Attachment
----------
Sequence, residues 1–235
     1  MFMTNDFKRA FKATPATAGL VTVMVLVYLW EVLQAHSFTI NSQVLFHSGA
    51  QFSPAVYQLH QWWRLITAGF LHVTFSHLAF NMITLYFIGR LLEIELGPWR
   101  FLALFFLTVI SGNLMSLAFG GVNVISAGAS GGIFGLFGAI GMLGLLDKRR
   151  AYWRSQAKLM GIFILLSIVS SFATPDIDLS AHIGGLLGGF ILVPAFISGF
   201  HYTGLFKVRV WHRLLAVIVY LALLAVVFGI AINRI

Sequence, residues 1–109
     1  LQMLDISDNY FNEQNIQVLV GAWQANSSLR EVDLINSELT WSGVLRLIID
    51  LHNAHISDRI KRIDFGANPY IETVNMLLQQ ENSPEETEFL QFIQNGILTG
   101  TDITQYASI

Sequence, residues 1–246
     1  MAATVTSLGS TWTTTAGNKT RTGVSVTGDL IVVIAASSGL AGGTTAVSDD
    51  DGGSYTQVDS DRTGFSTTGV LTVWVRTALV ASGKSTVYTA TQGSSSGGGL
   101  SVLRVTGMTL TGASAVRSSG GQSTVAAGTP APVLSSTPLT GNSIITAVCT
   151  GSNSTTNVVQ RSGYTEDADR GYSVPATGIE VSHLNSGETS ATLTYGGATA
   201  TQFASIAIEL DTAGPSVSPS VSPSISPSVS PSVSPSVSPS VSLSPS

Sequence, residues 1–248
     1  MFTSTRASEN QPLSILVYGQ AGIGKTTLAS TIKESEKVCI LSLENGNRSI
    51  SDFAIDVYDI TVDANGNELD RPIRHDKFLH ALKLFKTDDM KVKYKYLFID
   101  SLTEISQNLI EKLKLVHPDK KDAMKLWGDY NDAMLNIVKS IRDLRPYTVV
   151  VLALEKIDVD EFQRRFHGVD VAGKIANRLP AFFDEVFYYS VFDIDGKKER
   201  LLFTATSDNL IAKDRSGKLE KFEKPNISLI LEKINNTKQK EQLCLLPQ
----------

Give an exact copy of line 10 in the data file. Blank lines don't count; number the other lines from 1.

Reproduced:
   101  TDITQYASI